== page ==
February 14 - 28, 2015
Meg Duguid is making a movie, the Agee screenplay written for Charlie Chaplin near the end of Chaplin’s career and life. The plot was conceived during a time when the bomb seemed a pragmatic looming threat. Europe had had many dalliances with pure abstraction, but in the mass culture imagination in the US, that window-on-the-world construct of art with its conjunction to representation and realism still ruled expectations. Agee’s supercomputer becomes a prescient view of post-modernity before the field and Greenberg’s purity had their day.
The bomb was a collapse of the monstrous editor and its results. The bomb flattens everything and empties it out. Its threat is unseen and misunderstood. Its promise is the same as its threat, pure and empty.
There has been a recent discussion about atemporal art. But there is a difference between atemporal and merely timeless, another way of saying conservative enough to blend in to a variety contexts. Meg gleefully straddles the screenplay’s dated conception of technology and the current context wherein we find ourselves. Somewhere in that structure we find Meg’s superpower. She uses film to explore art historical constructs, and art notions to build a film. She allows each element to hold its built-in attachment to time and place, but sets up sequences that undo straightforward chronology. Her construct succeeds in the generation of a view of space and time all at once. She sells herself as the hapless protagonist, but becomes the human and feeling element that offers us a way out of inevitable blank devastation. Meg fabricates the computer that functions as a multiplex viewing contraption, divides the architecture into before, during and after, and serves as a set piece for an actual production location for another sequence in the film. The more you see, the more it becomes. Part swirling vortex, part Möbius strip.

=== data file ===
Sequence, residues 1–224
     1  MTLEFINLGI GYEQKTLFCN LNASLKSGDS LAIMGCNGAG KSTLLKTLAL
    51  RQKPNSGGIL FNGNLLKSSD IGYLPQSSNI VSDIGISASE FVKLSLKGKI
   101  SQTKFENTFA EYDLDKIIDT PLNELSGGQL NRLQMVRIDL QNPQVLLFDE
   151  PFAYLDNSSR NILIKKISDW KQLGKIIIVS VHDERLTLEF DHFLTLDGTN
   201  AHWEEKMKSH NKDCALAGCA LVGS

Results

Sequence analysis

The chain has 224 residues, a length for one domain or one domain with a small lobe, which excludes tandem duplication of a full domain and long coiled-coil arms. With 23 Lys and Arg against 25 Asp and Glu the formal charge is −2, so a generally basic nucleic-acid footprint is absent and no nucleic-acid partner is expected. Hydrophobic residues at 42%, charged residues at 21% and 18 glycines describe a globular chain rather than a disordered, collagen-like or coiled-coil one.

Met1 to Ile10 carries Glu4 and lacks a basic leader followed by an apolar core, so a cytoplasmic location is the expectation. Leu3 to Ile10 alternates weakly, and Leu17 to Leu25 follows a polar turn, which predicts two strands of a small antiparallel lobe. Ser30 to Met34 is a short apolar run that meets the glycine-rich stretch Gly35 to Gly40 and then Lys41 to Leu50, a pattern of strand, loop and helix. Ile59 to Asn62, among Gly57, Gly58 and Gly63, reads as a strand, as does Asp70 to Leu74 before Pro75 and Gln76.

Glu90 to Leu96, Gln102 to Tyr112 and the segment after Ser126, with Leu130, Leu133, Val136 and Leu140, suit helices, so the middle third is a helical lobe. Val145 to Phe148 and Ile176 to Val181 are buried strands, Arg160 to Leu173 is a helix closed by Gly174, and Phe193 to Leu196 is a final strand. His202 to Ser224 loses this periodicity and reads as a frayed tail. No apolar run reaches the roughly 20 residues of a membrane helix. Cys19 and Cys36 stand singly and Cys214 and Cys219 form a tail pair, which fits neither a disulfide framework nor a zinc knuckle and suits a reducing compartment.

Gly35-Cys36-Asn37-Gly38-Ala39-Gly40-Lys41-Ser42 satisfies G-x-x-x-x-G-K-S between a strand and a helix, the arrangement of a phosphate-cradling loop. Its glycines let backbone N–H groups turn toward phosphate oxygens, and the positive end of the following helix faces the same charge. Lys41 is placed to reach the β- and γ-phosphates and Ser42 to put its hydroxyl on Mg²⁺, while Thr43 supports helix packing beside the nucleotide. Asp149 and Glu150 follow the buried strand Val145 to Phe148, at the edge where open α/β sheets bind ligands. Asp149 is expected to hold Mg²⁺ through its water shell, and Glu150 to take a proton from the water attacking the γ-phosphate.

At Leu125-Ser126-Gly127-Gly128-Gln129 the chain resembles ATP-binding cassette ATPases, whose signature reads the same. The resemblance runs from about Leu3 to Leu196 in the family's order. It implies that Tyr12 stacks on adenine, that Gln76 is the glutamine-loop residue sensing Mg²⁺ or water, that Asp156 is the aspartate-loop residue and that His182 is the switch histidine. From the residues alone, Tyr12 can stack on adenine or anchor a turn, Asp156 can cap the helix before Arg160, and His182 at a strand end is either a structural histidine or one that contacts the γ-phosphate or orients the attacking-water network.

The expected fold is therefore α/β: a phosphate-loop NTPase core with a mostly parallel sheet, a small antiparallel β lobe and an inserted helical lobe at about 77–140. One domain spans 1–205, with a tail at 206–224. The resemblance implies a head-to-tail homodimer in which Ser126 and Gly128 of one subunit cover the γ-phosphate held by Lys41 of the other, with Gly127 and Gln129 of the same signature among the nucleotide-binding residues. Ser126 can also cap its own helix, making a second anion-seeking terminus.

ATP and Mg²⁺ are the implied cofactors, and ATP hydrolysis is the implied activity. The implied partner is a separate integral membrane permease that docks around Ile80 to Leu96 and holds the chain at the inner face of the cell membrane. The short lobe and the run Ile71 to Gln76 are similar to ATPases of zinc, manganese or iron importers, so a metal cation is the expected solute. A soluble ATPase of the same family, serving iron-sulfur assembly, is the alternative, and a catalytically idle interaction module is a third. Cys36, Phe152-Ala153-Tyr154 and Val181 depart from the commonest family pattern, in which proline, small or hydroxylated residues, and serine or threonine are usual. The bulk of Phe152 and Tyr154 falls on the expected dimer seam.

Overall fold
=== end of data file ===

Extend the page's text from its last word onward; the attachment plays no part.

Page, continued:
In and through are the only way out.
I’ll own my cheeseball inclinations. There is a song playing in my head. Meg’s supercomputer singing at the top of her lungs: child of vision, won’t you listen, find yourself a new ambition...for those of you too young or kool to know, those are lyrics from a minor hit by Supertramp from the album Breakfast in America. Perhaps Meg offers us a pearl of wisdom: we may redirect or begin anew without first blanking the slate.